WHEN the rumour reached the Boston ministers that Emerson had made a visitation at Divinity College, there was some small flutter, and even a little inquisition; whereat our good professors -- Dr. Francis and Dr. Noyes -- smiled, as old sailors might at the shaken nerves which turn squalls to hurricanes. The breeze was useful as a suggestion of the real tornadoes which followed Emerson's earlier visits to Cambridge, concerning which the traditions remained fresh enough up to the time ( 1867) when the University surrendered, made Emerson Doctor of Laws, and Overseer, and a Special Lecturer to the young men he had all along been really teaching. To that earlier period we now return.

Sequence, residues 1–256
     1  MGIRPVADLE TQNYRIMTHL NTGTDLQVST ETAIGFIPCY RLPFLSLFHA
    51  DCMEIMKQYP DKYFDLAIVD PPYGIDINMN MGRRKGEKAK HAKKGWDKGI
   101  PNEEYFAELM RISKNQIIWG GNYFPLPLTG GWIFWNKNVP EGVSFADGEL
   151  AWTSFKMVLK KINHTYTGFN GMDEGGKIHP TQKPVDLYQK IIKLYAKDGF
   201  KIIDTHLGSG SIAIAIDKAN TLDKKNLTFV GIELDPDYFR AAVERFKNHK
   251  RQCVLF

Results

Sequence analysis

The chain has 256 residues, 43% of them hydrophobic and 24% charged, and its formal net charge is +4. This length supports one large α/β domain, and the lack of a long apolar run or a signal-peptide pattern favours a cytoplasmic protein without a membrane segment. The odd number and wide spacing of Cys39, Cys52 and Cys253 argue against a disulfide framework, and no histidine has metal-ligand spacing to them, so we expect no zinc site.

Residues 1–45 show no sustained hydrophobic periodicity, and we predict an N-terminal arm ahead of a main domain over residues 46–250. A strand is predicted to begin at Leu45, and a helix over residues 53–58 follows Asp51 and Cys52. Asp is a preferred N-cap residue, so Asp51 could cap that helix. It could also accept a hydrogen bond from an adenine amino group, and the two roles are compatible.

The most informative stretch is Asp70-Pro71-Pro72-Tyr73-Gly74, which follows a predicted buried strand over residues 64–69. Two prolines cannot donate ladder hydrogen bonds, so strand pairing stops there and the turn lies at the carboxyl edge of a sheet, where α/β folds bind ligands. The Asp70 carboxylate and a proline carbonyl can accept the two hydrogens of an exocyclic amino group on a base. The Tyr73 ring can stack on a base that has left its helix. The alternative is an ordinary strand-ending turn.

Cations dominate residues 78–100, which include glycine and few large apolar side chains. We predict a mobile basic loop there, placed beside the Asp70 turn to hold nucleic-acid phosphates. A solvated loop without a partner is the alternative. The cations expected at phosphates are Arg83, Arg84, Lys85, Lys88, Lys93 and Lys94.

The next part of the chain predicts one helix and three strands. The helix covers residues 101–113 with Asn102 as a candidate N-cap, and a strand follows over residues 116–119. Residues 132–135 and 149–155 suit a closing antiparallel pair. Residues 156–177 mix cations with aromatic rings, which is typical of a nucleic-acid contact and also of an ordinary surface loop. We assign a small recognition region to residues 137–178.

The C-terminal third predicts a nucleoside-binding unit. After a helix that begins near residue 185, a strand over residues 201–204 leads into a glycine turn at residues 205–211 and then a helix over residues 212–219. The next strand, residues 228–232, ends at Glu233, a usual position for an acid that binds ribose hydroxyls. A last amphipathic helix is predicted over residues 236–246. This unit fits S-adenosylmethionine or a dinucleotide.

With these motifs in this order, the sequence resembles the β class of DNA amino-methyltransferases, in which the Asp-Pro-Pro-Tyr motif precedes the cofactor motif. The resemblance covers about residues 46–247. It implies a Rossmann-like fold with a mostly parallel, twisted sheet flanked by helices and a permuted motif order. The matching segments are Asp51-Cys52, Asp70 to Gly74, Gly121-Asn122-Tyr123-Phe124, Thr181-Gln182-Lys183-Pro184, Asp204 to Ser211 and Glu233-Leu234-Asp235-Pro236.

The little book of 1836, entitled "Nature," was a soft footfall in the solitude of Concord, but clerical readjusters of their religious inheritance, with the keen sense of a threatened race, laid their ear to the ground and heard battalions behind that hermit. "It is a suggestive book," the "Christian Examiner" must admit. "But the effort of perusal is often painful, the thoughts excited are frequently bewildering, and the results to which they lead us uncertain and obscure. The reader